WILL BATES: Fall On Your Sword really began as a video art experiment. The early YouTube mashup videos evolved into a band, then turned into an art collective and music production company. I always wanted it to be the umbrella for all the different things I’ve ended up being involved in. Scoring movies, commercials, making art. My wife Sarah Bereza is an extraordinarily talented painter and sculptor. And at first we just wanted to build some cool stuff together that incorporated the audio/visual FOYS aesthetic. We teamed up with another talented chap named Ken Heitmueller (a tech genius who I met years ago when he mastered all The Rinse recordings as well as my soundtrack albums). The three of us have kind of become the Fall On Your Sword art department. We’ve had pieces at art shows that have then led to commissions for brands thanks to our connections in the advertising world. The pieces always have some kind of musical element, and generally don’t take themselves too seriously. We have a lot of fun building that stuff.
TAMMY: When working on music for a film that deals with real people and serious issues (ie. Going Clear, We Steal Secrets,etc.) do you feel an extra sense of needing to create something extraordinary to really connect the audience with the people involved?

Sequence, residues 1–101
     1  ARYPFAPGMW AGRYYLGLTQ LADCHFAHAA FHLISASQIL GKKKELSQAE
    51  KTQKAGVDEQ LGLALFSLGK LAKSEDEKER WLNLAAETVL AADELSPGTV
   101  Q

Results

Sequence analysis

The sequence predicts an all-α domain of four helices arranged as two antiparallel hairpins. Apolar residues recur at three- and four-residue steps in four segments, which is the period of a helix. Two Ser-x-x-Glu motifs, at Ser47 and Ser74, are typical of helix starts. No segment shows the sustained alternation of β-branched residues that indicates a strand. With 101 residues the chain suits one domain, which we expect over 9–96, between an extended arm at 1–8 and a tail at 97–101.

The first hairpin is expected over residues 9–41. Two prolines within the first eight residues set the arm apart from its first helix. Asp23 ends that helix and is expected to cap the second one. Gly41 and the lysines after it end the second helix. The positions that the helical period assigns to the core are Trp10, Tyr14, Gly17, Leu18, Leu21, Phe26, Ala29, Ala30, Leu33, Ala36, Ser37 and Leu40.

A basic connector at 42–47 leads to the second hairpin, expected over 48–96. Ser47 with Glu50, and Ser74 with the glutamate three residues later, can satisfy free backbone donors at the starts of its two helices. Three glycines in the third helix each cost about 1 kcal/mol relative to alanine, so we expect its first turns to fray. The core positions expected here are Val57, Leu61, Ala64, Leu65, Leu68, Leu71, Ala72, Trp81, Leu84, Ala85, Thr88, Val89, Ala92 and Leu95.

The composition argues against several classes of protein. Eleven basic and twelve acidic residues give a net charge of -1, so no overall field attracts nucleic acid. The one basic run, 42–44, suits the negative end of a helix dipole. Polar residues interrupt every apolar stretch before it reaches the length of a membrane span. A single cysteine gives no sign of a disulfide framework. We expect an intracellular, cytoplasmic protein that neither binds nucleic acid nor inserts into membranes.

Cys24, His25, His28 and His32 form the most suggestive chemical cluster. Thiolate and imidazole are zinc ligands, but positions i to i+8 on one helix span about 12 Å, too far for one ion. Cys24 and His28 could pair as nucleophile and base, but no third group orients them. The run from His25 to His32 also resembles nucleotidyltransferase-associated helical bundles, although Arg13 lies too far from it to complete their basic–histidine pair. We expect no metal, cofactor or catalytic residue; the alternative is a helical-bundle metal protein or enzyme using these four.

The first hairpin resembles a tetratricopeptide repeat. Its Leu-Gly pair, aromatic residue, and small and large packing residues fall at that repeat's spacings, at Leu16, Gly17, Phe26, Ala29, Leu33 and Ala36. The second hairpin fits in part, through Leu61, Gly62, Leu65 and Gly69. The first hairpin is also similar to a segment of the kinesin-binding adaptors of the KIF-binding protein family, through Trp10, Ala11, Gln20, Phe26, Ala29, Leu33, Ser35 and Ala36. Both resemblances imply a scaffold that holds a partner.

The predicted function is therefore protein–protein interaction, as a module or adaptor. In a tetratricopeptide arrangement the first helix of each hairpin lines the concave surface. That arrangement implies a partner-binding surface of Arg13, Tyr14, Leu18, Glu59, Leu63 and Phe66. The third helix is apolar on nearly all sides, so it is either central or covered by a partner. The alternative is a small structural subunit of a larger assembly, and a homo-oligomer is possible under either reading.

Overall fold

WILL BATES: I think I treat each project with the same detail and need for connection. Most of the documentaries I’ve scored tend to have a real cinematic narrative (particularly Gibney’s) which really helps that. The real difference with those I think is the scope of the work. There tends to be a lot more music in those movies, and I find myself getting very involved with the subjects. I always enjoy making the albums from those scores, there’s a lot of material!
TAMMY: When composing music do you have a sort of set creative process that you go through or is it really just different depending on the specific demands of each new project?